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Teaching EpidemiologyA guide for teachers in epidemiology, public health and clinical medicine$
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Jørn Olsen, Naomi Greene, Rodolfo Saracci, and Dimitrios Trichopoulos

Print publication date: 2015

Print ISBN-13: 9780199685004

Published to Oxford Scholarship Online: June 2015

DOI: 10.1093/acprof:oso/9780199685004.001.0001

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Epidemiology of injuries

Epidemiology of injuries

(p.409) Chapter 22 Epidemiology of injuries
Teaching Epidemiology

Eleni Petridou

Patricia Gerakopoulou

Constantine N. Antonopoulos

Oxford University Press

Injury prevention and control should be highly prioritized in the allocation of public health resources, and principles of etiologic and outcome injury epidemiology should be incorporated in the teaching curriculum. Students can be familiarized with research on environmental and personal risk factors for injuries and enabled to (1) assess the relative effectiveness of alternative injury prevention intervention strategies and (2) evaluate the quality of health provision services and impact of therapeutic interventions and rehabilitative processes. Lower-level students are expected to learn basic data of general applicability, such as indicating proper study designs by type of injury for specific research hypotheses and linking particular preventive measures to Haddon matrix, whereas advanced-level students are expected to be able to develop detailed study designs aiming at investigating the role of a particular condition in the causation and outcome of accidents (events) and injuries (lesions), including self-harm behaviour.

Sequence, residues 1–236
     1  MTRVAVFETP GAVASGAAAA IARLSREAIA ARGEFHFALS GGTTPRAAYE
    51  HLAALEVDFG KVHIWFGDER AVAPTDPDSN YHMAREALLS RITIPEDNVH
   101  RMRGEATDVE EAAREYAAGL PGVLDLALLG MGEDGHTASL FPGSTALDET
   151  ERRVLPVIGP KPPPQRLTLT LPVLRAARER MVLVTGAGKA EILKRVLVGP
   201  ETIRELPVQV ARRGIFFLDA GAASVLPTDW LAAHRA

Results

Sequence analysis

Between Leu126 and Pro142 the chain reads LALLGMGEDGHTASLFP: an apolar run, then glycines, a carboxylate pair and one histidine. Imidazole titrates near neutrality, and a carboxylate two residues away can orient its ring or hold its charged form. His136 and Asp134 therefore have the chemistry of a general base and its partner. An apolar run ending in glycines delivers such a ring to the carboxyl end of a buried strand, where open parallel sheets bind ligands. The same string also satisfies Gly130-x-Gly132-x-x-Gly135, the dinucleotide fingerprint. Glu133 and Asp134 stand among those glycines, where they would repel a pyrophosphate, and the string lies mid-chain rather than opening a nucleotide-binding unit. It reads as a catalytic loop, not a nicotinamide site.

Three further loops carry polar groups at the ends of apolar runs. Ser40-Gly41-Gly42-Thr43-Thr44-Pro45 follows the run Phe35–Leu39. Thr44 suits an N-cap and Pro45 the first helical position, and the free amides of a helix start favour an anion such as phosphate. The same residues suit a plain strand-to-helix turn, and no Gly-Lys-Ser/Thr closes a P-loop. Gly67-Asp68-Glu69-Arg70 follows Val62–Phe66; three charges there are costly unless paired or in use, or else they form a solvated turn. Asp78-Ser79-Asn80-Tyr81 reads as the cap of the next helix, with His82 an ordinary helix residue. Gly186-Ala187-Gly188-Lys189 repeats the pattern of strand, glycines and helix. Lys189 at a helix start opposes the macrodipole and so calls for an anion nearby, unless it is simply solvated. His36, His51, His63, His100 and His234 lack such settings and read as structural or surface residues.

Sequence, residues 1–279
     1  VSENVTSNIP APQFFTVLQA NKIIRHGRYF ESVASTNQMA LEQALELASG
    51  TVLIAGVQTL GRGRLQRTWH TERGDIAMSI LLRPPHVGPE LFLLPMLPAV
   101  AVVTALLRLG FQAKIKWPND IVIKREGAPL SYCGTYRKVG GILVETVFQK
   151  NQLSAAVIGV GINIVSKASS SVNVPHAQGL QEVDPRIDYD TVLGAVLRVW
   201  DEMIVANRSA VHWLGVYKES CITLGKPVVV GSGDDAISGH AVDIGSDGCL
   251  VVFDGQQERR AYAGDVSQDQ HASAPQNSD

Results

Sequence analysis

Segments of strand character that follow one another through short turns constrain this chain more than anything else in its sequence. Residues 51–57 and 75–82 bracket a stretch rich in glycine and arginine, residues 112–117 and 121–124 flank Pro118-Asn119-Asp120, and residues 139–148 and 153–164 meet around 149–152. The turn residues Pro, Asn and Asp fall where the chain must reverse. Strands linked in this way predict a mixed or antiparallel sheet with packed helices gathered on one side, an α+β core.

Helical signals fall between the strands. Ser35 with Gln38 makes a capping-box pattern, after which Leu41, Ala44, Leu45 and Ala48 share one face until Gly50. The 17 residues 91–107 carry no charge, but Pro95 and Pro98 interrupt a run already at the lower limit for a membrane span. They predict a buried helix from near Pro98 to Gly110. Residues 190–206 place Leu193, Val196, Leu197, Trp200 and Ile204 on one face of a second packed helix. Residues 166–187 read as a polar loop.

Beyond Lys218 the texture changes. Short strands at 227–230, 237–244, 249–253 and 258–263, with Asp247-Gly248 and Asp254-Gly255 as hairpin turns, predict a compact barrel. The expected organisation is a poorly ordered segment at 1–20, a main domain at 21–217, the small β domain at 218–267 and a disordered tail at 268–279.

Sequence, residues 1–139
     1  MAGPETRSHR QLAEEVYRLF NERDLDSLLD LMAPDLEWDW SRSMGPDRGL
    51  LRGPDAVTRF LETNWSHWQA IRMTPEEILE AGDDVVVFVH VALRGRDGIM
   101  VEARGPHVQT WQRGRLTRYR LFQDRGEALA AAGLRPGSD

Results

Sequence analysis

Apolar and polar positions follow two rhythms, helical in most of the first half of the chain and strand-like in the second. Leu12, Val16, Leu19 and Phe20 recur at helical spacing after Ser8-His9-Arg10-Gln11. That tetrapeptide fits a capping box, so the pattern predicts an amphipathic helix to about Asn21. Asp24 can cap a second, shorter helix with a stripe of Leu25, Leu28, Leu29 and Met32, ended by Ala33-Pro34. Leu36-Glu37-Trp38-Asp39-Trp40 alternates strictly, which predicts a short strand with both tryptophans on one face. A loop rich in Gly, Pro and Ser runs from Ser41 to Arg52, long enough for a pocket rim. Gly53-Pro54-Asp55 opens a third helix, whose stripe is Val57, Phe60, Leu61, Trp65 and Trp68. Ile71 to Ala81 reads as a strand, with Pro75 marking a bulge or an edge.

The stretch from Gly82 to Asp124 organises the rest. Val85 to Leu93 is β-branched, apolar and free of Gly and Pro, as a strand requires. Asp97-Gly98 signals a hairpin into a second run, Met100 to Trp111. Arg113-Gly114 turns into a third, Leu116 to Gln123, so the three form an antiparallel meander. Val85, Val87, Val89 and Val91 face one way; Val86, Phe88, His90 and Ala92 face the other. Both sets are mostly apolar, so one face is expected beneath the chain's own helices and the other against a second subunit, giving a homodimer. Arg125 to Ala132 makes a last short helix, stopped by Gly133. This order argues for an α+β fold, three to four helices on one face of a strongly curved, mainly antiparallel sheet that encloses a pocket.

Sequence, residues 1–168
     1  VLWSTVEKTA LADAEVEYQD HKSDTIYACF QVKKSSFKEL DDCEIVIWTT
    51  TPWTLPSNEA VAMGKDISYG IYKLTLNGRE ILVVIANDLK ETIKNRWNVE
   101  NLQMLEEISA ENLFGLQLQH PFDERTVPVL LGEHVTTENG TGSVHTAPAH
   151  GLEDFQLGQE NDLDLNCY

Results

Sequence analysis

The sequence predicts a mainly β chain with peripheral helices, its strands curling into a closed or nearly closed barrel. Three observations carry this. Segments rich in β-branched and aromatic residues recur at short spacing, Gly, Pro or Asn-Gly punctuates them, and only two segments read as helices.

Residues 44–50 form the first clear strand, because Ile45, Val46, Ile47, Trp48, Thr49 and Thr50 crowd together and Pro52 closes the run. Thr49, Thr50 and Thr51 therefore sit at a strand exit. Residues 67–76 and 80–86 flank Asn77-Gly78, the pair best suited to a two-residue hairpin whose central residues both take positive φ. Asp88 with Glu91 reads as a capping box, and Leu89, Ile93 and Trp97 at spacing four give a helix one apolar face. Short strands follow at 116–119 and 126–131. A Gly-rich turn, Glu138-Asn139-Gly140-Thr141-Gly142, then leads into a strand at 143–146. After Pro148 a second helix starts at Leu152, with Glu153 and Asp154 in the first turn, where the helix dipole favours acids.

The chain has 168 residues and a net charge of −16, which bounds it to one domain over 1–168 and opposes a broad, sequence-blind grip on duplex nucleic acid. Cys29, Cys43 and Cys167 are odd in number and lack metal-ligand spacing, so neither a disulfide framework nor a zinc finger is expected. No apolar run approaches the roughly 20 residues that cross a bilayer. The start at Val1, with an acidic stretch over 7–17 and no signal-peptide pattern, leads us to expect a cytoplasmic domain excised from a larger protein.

Keywords:   injury prevention, public health, injury epidemiology, study design, accident, teaching

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